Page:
Can you get a cold from cold weather?

Your opinion of this? Link covers benefits, has this note.
Warns against doses far below the one you recommend above. Also warns about cutting off dosage too quickly.

Your opinion of this? Link covers benefits, has this note.
Warns against doses far below the one you recommend above. Also warns about cutting off dosage too quickly.


You note the frequent use of “may.” I don’t believe there is any proof that vitamin C causes kidney stones, altho it has oft been so accused. Kidneys stones consist of calcium and are precipitated by too much oxalatic acid, not ascorbic acid. Chewable may cause tooth decay. Then, again, it may not. Finally, there was equivocal evidence of oxidative damage to DNA. I think I read since that issue of the Wellness Letter came out that there were other factors involved and subsequent studies showed no such damage. I cannot give any cites. Sorry.

Incidentally, I take powdered vitamin C. I put 1/4 tsp in my orange juice every am, which is about half a gram or so (I believe). The only place I know that sells the powder is Bronson’s Pharmaceuticals, by mail order. That place was recommended by Linus Pauling for the powder vitamin C in his first book. It is the cheapest way to buy it.

In my opinion, Zinc is far better than Vit C for this sort of thing.

As for Pauling, the guy spent a lot of time in Big Sur, California, known for its great pot.

The early studies of zinc lozenges sublingually were quite favorable. I tried that. Didn’t work for me. C does. More recent studies have put the zinc theory in doubt. The December issue of * Mayo Clinic Health Letter* states: “A study in 1996 created a lot of excitement when cold symptoms disappeared a full 3 days earlier…However, studies have had mixed results, with some showing benefit and some not.” Anyway, it doesn’t do anything for me.

As for Linus Pauling, he won two Nobel prizes for his work on DNA. He was a biochemist. Incidentally, the person who isolated vitamin C, Zvent-Ghorgi, or some name like that, I don’t remember the exact name, lived to almost 100 and he took 20 grams a day.

I’ve heard zinc is good for guys with extremely active sex lives? :slight_smile:

I wouldn’t know.

Cecil Adams on Zinc for Common Colds.

The Cecil Adams cite is almost 3 years old. In this field, a lot happens in that short time. Refer to the article in the Mayo newsletter above for subsequent studies on zinc, for a thumbnail synopsis. Also vitamin C has, contrary to what Cecil said in 1998, has once again raised its “ugly” head.

The following is from a piece I wrote recently for the local running rag:

Although a zinc deficiency can weaken the immune system, studies have been inconsistent in showing that it could reduce severity of cold symptoms and increase immune responses. Six recent trials failed to find a clear benefit against the cold. Megadoses can interfere with iron and copper absorption, lower HDL cholesterol, impair blood cell formation, and depress the immune system. Side effects include nausea, mouth irritations, and mouth sores. (27) (28) Like lead, megadoses may slowly damage the kidneys and peripheral nerves (causing weakness, muscle wasting, impaired sensation, and possibly dementia). One of the first toxic effects to be detected is anemia and a low white blood cell count, both of which are adverse effects of zinc upon the bone marrow (Health Gazette, December 1999).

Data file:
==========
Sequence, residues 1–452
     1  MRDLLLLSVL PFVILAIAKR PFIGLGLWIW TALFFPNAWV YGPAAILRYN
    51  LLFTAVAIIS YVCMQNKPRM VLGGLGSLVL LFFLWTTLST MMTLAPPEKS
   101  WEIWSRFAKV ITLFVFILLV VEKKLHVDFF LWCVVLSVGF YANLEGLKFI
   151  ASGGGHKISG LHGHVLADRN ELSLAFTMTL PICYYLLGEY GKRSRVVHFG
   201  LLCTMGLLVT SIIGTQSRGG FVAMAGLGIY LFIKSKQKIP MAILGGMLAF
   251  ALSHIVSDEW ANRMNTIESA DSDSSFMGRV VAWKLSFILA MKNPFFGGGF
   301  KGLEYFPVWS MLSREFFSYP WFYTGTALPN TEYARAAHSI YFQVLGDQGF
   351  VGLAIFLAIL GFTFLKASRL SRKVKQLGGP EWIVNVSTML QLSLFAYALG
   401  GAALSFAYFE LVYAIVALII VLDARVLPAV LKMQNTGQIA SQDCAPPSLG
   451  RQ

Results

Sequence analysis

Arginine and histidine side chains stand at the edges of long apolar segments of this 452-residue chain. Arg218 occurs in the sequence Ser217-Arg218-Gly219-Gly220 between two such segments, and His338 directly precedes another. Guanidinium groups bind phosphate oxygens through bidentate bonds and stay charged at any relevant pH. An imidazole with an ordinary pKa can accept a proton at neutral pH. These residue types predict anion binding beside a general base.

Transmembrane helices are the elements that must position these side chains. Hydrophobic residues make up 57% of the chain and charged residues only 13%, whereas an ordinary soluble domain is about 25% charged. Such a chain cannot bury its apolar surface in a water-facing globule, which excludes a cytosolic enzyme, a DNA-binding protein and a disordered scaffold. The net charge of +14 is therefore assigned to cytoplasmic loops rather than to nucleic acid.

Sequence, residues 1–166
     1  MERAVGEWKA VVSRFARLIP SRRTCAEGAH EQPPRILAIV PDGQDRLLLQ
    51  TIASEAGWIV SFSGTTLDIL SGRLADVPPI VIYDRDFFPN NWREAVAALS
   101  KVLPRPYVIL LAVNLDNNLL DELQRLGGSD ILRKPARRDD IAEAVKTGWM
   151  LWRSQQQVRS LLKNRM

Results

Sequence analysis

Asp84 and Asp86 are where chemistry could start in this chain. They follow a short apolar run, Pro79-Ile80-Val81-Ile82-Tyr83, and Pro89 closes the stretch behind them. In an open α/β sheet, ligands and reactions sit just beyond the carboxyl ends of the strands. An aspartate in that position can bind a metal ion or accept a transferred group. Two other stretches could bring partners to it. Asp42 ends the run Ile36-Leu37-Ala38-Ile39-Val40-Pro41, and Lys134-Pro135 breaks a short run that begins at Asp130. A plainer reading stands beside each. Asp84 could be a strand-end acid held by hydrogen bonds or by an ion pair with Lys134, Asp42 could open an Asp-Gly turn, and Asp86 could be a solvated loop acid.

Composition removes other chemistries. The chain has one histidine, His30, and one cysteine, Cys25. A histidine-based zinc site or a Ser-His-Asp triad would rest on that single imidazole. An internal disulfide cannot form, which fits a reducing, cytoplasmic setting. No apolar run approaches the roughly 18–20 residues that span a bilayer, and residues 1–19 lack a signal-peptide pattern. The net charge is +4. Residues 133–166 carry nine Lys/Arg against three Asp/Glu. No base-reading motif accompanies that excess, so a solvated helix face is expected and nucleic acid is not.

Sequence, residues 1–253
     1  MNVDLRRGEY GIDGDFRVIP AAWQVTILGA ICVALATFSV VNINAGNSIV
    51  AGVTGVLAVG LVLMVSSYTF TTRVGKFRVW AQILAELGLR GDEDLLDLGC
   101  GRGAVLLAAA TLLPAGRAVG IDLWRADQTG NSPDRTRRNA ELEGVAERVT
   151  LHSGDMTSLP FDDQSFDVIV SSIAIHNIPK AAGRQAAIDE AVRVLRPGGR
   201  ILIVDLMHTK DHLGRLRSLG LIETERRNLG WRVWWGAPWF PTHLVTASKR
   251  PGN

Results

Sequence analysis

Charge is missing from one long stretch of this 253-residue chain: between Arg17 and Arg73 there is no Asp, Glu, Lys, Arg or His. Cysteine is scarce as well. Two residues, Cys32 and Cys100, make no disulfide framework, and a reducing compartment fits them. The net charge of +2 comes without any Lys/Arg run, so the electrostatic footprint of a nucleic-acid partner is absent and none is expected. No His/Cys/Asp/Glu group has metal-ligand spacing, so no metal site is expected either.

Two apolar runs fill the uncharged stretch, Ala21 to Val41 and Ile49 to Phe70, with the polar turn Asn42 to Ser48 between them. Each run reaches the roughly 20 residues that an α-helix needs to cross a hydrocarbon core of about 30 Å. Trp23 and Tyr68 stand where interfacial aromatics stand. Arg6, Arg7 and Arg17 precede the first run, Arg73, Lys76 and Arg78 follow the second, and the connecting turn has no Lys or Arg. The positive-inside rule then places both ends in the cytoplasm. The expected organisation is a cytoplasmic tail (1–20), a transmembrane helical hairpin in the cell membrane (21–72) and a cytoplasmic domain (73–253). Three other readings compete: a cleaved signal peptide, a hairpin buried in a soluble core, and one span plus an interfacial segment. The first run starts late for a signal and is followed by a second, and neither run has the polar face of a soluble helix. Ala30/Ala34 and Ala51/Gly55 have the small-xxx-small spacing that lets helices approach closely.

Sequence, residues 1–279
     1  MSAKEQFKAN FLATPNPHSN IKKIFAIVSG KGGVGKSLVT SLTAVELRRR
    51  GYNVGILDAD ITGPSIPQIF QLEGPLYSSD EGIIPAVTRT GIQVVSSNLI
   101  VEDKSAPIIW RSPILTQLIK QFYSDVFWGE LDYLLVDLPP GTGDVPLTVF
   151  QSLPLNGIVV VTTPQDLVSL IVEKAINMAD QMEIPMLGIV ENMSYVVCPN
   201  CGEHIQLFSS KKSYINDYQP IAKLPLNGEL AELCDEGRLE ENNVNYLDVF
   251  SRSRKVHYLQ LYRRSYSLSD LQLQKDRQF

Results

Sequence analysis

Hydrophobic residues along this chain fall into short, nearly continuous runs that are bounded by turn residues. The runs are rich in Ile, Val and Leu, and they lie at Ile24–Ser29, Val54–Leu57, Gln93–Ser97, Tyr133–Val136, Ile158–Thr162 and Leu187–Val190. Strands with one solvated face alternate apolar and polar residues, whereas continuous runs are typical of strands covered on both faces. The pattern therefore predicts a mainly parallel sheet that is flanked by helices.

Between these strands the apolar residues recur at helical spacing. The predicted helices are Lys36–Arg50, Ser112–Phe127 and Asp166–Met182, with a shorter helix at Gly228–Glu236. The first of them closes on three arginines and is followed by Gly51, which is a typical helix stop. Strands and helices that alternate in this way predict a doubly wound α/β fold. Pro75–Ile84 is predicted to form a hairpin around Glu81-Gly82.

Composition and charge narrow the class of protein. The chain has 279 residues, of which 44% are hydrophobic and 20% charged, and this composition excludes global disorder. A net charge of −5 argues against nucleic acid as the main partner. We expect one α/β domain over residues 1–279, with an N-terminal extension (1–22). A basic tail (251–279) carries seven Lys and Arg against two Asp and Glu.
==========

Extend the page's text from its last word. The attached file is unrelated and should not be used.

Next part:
Most Americans, however, have a low-zinc diet and zinc is also lost through sweat. A deficiency can weaken the immune system, retard muscle growth, slow the healing process, cause white spots on nails, dull the sense of taste and smell, cause hair loss, and cause lethargy. Zinc may also help prevent or slow age-related macular degeneration. The National Eye Institute is undergoing a 7-year study to test this. (Remedy, Nov/Dec 1999.) Zinc is found in wheat germ, pumpkin seeds, brewer’s yeast, osyters, eggs, seafood and lean meats.

Zinc is essential for normal sexual development during male adolescence and for producing healthy sperm. Only two good studies have been done for sexual function, and they were inconsistent. (Nutrition Action, July/August 2000).

Just for the record, people get more colds during winter months in the tropics too, where the temperature doesn’t vary much season to season. So it’s not because of cold air, people being cooped up together inside, or dry indoor air. I don’t think anyone knows why this is so.

To answer the OP, I know it’s happened to me several times. I go outside for 10 minutes or so in cold weather without wearing a jacket. I feel cold but I continue to check my tires or whatever I’m doing. The next day I come down with a cold. Explain that. It’s not due to being with other sick people etc.

Yes Major Feelgud, I get the same thing. After being cold for a while, I get a cold (in spite of my vitamin C). If I don’t turn the thermostat up high enough in the winter and feel a little cold around the house, even tho I don’t contact anyone, I get a cold. So no one is going to convince me that it’s not the cold weather. I don’t know the mechanism, but I feel it’s because of lowered resistance.

I’m not looking to debate either of you, but did you happen to read the last three paragraphs in Cecil’s column (that Fredge posted) in regard to cold stress and psychological stress?

Yes, I read it. The fact remains that if I stay warm enough, regardless how cold and dreary it is outside, I don’t get a cold; but if I get cold for an extended time I am likely to get a cold.

I think the point was that it might not be a virus-caused cold, but instead “cold stress” with similar symptoms. But I am not claiming to be an authority on the subject…